Martin Nowak is a professor of Mathematics and Biology and the Director of the Program for Evolutionary Dynamics at Harvard University. Evolutionary dynamics is the study of the fundamental principles that guide evolutionary change.

Mutation and selection are the classic components of the evolutionary process. Mutation leads to novelty, and natural selection determines the success of new mutations. But Martin believes that in order to get organization and the emergence of ever more complicated structures, evolution needs a third component, and this is cooperation.

Martin has long studied why cooperation exists and how it evolved—in other words, the reasons we do things that benefit someone else at cost to ourselves. Over the years, he has used mathematical descriptions to express the behavior of cells, viruses, insects, and humans, trying to understand what makes individuals join forces, work together, and help one another. Based on his mathematical models, as well as experimental games conducted with people who interact with each other, he has observed that nice guys can finish first, it is often better to reward than punish, and it pays to be generous, forgiving, and hopeful. Cooperation is a winning strategy in life.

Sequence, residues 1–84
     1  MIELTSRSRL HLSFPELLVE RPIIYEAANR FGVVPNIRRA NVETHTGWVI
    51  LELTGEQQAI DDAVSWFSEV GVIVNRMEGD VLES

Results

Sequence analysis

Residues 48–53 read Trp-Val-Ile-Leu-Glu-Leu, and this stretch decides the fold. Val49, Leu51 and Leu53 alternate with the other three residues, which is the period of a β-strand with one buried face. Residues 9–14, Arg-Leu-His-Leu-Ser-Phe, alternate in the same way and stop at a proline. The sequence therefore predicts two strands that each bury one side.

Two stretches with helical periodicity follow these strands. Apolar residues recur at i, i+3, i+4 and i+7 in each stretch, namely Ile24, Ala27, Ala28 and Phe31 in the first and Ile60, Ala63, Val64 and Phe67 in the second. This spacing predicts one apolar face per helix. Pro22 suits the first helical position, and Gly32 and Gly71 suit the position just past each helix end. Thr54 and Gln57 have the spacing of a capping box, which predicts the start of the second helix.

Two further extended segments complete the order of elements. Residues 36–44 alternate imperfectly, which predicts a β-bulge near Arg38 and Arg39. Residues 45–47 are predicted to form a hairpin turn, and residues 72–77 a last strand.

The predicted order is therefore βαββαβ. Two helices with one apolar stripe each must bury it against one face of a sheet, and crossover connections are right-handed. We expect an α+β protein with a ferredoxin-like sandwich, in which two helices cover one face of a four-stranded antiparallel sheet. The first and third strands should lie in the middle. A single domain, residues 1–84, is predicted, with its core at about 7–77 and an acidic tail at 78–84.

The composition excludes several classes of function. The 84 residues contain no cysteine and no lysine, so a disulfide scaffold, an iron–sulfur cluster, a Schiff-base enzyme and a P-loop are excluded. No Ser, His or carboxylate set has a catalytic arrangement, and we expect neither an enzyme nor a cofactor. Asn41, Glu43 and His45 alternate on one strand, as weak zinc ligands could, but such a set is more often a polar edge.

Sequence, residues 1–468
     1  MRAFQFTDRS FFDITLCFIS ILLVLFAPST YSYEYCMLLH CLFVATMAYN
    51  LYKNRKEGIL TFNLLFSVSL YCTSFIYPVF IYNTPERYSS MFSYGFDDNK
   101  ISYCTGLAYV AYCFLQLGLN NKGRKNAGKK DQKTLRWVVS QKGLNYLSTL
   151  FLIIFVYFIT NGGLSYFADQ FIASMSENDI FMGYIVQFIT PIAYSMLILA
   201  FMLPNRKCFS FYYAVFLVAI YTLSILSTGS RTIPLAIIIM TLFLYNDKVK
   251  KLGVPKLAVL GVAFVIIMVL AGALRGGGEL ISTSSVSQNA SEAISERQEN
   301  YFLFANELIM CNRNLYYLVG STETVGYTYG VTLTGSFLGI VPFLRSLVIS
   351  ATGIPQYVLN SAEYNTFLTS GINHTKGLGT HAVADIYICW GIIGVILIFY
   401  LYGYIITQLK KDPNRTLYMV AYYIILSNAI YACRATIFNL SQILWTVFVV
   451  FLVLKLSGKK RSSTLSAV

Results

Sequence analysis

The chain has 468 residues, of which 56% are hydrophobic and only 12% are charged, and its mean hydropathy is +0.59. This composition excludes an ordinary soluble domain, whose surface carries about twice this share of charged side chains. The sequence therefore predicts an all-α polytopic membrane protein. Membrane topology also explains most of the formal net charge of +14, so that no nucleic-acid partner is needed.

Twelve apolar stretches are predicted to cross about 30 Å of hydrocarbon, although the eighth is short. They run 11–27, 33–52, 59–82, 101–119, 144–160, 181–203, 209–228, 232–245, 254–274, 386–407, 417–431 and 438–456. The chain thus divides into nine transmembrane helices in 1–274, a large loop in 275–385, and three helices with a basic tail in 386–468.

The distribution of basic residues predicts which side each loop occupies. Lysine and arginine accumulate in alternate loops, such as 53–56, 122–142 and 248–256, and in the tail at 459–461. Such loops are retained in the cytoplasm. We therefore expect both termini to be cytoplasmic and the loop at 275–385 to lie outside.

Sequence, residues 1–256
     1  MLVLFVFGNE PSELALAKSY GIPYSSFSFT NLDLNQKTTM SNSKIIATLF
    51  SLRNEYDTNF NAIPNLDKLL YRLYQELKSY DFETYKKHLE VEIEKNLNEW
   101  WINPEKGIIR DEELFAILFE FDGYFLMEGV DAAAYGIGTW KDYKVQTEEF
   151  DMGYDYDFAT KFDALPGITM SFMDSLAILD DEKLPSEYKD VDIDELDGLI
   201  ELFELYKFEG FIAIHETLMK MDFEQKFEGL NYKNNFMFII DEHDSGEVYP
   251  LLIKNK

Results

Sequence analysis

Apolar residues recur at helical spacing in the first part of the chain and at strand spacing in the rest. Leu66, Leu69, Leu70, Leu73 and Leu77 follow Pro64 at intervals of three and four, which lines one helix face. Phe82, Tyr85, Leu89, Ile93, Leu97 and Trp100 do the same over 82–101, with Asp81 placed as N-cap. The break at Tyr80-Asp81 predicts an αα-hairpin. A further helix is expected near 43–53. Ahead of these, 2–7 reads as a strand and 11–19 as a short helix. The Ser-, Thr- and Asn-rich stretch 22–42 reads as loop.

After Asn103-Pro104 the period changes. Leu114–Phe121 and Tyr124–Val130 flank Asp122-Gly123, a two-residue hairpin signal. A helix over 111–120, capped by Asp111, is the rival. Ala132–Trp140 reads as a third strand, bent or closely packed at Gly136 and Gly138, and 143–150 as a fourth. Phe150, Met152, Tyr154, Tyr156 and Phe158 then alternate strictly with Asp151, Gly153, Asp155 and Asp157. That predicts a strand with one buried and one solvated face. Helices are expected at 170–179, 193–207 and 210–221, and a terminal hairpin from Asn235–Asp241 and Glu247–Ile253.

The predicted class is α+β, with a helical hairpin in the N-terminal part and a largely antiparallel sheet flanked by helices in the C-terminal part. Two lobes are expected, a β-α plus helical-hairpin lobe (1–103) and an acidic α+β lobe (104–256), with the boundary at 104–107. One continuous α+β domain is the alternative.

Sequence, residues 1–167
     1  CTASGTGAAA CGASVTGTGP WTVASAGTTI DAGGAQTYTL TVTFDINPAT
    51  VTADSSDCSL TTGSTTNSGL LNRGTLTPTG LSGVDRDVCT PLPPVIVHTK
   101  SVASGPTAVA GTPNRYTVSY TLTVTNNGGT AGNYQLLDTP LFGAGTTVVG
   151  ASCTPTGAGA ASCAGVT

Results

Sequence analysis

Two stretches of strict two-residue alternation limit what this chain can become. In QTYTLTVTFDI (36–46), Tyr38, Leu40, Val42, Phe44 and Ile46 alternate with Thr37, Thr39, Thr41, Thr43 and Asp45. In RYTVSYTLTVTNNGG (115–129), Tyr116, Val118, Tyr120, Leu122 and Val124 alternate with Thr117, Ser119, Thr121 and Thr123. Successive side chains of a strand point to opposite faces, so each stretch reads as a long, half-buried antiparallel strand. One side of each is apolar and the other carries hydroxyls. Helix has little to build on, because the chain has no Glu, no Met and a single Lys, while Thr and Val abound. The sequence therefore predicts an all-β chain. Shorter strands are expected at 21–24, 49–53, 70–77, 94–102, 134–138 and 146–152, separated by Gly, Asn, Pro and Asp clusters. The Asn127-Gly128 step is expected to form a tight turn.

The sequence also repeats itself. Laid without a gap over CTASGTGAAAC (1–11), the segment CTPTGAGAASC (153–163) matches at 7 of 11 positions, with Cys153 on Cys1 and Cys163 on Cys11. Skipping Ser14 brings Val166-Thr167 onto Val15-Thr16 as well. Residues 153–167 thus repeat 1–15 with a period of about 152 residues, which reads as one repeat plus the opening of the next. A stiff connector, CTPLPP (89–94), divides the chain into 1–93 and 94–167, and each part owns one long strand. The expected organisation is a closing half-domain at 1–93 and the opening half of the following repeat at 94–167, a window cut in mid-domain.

Martin also uses mathematical models and computer simulations to study the origin of life, the evolution of social behavior, the evolution of cancer, the dynamics of virus evolution, and the evolution of language.